The complex histories we’re connected to

Generations: Craig Higginson drew on his life as a white South African child during apartheid. Photo: Renata Larroyd

Generations: Craig Higginson drew on his life as a white South African child during apartheid. Photo: Renata Larroyd

“The act of representation is inevitably doomed to failure,” says Craig Higginson, who is seated across from me in a restaurant as we discuss his most recent novel, The White Room. “I don’t think that we could get to represent anything accurately.

“What do we know about the past? We just have memories that are dictated to by our needs for the present. We remember things how we remember them because of what we want to feel right now.
We do not have access to the past. Other people we grew up with have completely different memories of the same event.All we can do is create fictions that become metaphors for what is real.”

In The White Room, which is based on Higginson’s play Girl in the Yellow Dress, the two principal characters try to love each other but it seems too much stands between them. Hannah is an English teacher and Pierre is an eager student. They are both drawn to each other by a gnawing need to fulfill their own fetishes.

“Narcissistic in a Freudian sense”, as Higginson puts it, Hannah has her own selfish reasons for giving in to Pierre.

“There are lots of levels of self-abuse and self-harm going on in the novel but hopefully what emerges is the complexity of us, of our relationships and our individual identities,” says Higginson.

Inspired partly by his travels to England and France, Higginson says that after his previous novel, The Dream House, which was a particularly South African tale, he wanted to write a book that was more global in scope. The relationship between Hannah and Pierre (a white South African woman and a man of Congolese descent) can therefore be read as a conversation between Africa and Europe. “Being a white person from Africa, she feels shame around that,” says Higginson. “She realises ...that he [Pierre] isn’t of Africa in the way that he pretends. He is but he isn’t.

“Growing up through the Zimbabwean war and apartheid gives us an angle on things, where we can comment on what’s going on in the world in a way that other people can’t,” says Higginson.

“Being a white South African, I can comment on whiteness in way that the average person living in Somerset, London or Paris can’t,” he adds.

A dialogic novel with a play running through the heart of it, much of the novel is spent negotiating who Hannah and Pierre portray themselves to be as they narrow in on each other.

“So they are kind of lying their way towards the truth,” says Higginson. “That state of uncertainty is quite important for me, for the reader to not be sure what is true and not true… When she is trying to tell the truth, he feels it is falsifying him, whereas when she is telling a fiction that digs deeper, he feels seen and recognised.”

Through the milieu of the English lessons, with Pierre still mistaking Hannah for an Englishwoman, ideas of civilisation and the effects of the colonial hangover are teased out. Pierre presents a picture of exoticism to Hannah, pre-empting what she desires from him. Although these issues are nothing new in literature, it is form that assists Higginson towards the realisation of something novel. The White Room is fragmented, presenting as a puzzle or a Rubik’s Cube under construction. We reach the resolution but the path towards it is laced with apparitions and opacity.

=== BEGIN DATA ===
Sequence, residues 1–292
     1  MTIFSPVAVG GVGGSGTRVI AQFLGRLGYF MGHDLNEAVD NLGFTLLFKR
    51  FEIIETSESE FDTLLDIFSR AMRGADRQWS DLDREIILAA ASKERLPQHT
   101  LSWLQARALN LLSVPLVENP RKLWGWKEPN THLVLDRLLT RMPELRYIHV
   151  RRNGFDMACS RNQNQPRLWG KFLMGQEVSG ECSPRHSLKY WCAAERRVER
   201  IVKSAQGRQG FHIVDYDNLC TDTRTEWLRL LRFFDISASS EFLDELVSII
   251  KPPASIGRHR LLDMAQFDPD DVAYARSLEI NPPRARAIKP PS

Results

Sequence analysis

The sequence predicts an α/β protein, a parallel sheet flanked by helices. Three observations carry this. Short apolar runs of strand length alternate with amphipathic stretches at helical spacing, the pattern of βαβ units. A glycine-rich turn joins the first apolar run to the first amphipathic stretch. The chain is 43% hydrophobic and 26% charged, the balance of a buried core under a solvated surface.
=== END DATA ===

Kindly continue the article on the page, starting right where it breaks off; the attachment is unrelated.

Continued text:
Mostly through Hannah, Higginson delves into his own past and childhood. “I couldn’t write an English character with that level of interiority, so I made her South African,” he says. “In a way the novel became about the children of parents who were involved in conflict situations —the Rhodesian war and apartheid South Africa. The Serbian characters, all these became the tonsils that have absorbed the poison of the previous generation and they are trying to conduct relationships but they are fucked up in ways they don’t understand.”

Speaking about the form and the process of writing the book, Higginson says he was aiming for something planned but that was open to surprises. “Too much chaos and it becomes a mess,” he says. “So you need some structures for an internal momentum. With each draft, I tried to have different tasks in mind. I’d have one draft where I was looking at the relationship as a kind of political allegory. In one draft I’d be looking at the psychology of the relationship and then one draft would be childhood and background. So hopefully by the end, I’d have all these different threads running through it but coherent and rich. I mean, you could even read it as a grammar lesson.”

With The White Room, Higginson manages to find an engaging way of writing about the multiple ways colonised societies are bonded to those that colonised them. These are webs we cannot extricate ourselves from but, every now and again, language can be hacked to provide new vantage points.

Kwanele Sosibo

Kwanele Sosibo

Kwanele Sosibo studied journalism at Durban's ML Sultan Technikon before working at Independent Newspapers from 2000 to 2003. In 2005, he joined the Mail & Guardian's internship programme and later worked as a reporter at the paper between 2006 and 2008, before working as a researcher. He was the inaugural Eugene Saldanha Fellow in 2011. Read more from Kwanele Sosibo

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